Opinion: All dad jokes aside …


A British researcher has come up with a fascinating theory. His premise is that when fathers tell dumb jokes and lame puns, it prepares their kids to deal with awkward circumstances, giving them a little experience in life with embarrassing and demeaning situations. So, were the jokes I told my son bad, and if so, was that a good thing?

I called Brett, who is now an adult, to share the story I had just read.

“Brett, it’s Dad. I need to tell you something.”

“Geesh, Dad, I’m 35 years old. Not another juvenile joke!“

“That’s just what I was hoping you’d say. I read an article that claims my telling dumb jokes to you when you were a kid helped you grow into a well-adjusted adult.”

“It’s true, Dad. I never thought you were funny, but reacting to your lame puns really did help me deal with other awkward experiences down the road.”

“Brett, that is exactly what the British psychologist said. Are there any jokes that were particularly bad that might have really led you to a more productive and satisfying life?”

“Well, I remember one about the duck who walked into a pharmacy and said, ‘I need some lip balm, and you can put it on my bill.’ Now, Dad, that’s just a dreadful joke. I found it demeaning and insulting for both of us.”

“Thank you so much for saying that. How lucky you were to have such a humorless father.”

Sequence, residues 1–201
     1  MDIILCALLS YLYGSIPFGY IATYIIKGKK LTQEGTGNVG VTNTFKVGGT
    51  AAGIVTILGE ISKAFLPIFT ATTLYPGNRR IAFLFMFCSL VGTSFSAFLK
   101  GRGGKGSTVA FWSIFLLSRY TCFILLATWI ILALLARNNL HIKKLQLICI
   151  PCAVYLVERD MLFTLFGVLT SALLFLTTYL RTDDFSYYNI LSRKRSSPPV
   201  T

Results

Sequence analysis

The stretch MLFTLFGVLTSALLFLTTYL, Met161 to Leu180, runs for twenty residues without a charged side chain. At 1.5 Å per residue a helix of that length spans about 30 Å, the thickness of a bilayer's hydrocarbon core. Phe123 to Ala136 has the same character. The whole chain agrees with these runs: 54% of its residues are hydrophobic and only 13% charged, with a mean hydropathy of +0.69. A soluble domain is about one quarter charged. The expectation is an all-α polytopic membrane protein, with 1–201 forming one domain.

And now, a 100 percent true story of how I really did humiliate Brett some 30 years ago.

Brett was in the fourth grade, and I was doing field reporting for WISH-TV. The Broadway show “Cats” was playing at Beef & Boards Dinner Theatre, and I thought it would be fun to have the makeup artist apply the same cosmetics on me as she did for the actors in the show. The process took quite a while. When I looked at myself in the mirror some two hours later, it was bizarre feeling like my normal self but staring at a cat in the reflection. That’s when I had an idea. I would go to my son’s class and surprise the kids with my new feline face.

When I reached the school, I checked in to the main office, explained my plan and made my way to Brett’s room. After getting the teacher’s attention through the tiny side window and identifying myself, I slithered in through the door.

The kids went wild — screaming, laughing, meowing. “Who is it?” asked one kid in the front row. No one knew who I was, of course, with one notable exception.

From the back of the room came my son’s voice dripping in embarrassment, “Probably my father.”